It’s hard to get organized if you are drowning in clutter, both physical and mental (and physical clutter creates mental distress!).
Part of de-cluttering is identifying the situation that is causing the problem in the first place. If your kids come home from school and dump everything on the kitchen table, perhaps you need to set up an organized, convenient spot for the backpacks and jackets, and invest a little time to install hooks and a shoe rack. If the mornings are chaos, you need to reconsider what you can accomplish the evening before to help limit forgotten lunches, missing socks, and fighting over bathroom time. If you simply clean up and de-clutter without addressing the underlying issues, it won’t be long until you’ve got the same problem all over again. So while you’re getting rid of all the excess stuff in your house and identifying areas that need work, always ask yourself why it got that way in the first place.
The best methods for dealing with clutter are often dependent on the area of the house you are trying to manage, such as a closet or kids’ rooms, which we will cover in individual chapters. There are some basics for cleaning up and avoiding general clutter in your home, however.
1. Don’t go to the store and buy all kinds of containers, racks, baskets, and organizers. Shopping for items to get yourself organized before you have gotten to the root of the problem, devised a system, and evaluated what you really might need causes…more clutter. It can also waste money, too. Most of the best clutter-busting or organizing ideas cost little or nothing and don’t require much more than a little elbow grease and a system. Hold off on the purchases until the last step.
2. Don’t try to do everything all at once. De-cluttering and organizing is like losing weight. You didn’t gain it all overnight, so you can’t expect to lose it overnight. All that stuff you’ve accumulated got there over time. The systems that aren’t working, or the lack of systems, are born of habits, and habits take time and discipline to break. Start with one small project, and then maybe take on one new thing a week. You’re busy, and the last thing you need is a huge, overwhelming project and life-change. Baby steps are in order here.
3. Don’t get rid of all your stuff. Yes, you need to de-clutter and make some hard choices, but there is room for saving those sentimental items and your fabric stash, as long as you establish a neat, organized way to deal with them. Often, you read organizing advice that says you shouldn’t buy in bulk or stock up when your favorite shampoo is on sale. I disagree. Part of being organized and efficient is limiting shopping trips and out-of-toilet paper emergencies. Usually clutter is not about the amount of stuff you have (unless you have a hoarding issue); it’s all in how you deal with it. One of the most organized people I know goes shopping at garage sales every week. She never fails to find treasures to bring home, but she doesn’t let them turn into clutter.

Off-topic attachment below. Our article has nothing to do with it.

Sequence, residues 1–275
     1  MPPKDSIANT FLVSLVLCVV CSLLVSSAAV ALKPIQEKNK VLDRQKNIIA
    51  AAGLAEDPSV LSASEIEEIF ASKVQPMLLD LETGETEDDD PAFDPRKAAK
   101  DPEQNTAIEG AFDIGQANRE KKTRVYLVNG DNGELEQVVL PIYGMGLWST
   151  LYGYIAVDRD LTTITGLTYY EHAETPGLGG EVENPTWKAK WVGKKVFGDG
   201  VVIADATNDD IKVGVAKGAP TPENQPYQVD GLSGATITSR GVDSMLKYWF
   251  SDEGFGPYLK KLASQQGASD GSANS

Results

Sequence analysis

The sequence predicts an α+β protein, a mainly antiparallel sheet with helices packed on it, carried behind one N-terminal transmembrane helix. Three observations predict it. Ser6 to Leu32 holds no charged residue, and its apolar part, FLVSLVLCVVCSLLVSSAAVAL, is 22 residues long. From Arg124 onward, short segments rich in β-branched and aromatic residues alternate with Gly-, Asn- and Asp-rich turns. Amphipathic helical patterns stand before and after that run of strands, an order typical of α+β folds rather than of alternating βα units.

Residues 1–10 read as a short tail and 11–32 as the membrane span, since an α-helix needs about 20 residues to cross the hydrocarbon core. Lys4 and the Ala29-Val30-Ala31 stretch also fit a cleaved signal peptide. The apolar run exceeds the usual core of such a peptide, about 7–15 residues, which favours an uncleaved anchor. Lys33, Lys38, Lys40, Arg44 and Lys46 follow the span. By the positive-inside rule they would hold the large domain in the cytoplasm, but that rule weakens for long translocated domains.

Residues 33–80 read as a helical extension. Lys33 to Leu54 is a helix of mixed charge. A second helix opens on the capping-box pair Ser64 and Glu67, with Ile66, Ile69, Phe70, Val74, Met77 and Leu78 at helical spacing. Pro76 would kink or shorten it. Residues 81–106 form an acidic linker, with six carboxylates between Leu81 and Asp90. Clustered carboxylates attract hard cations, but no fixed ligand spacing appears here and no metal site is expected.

4. Don’t expect your family to be excited about the changes. You are going to be asking your spouse and your children to make some changes and build new daily routines. People are, in general, resistant to change. If you know this in advance and cheerfully encourage (rather than nag), stick to the program, and cut everyone a little bit of slack, they will soon see that the changes actually save them time and trouble. Soon the new ways will be good habits.
1. Identify problem areas. Is the living room coffee table a dumping spot for toys, school papers, and other miscellaneous items? Are you always fighting a mound of plastic sacks that are stuffed in the pantry? These problem areas need to be de-cluttered, but they also need a new system to keep the same problem from happening again.
2. Deal with things immediately. Instead of piling up mail or throwing jackets on a chair to pick up later, spend the extra few seconds to deal with potential clutter before it becomes a problem.
3. Develop systems to stay organized, and stick to them. Instituting a 10-minute clean-up every night and planning the next day with everyone after dinner is a small investment of time that will do wonders for your home and save time in the long run
4. Shop wisely. Before you buy something, ask yourself if you truly need/want it. Imagine yourself six weeks from now. Would you still want the item? If they answer is yes, ask yourself if you have a place for it. If the answer is no, is there something you would be willing to throw away or donate to make space for it? If the answer is still no, do not buy it.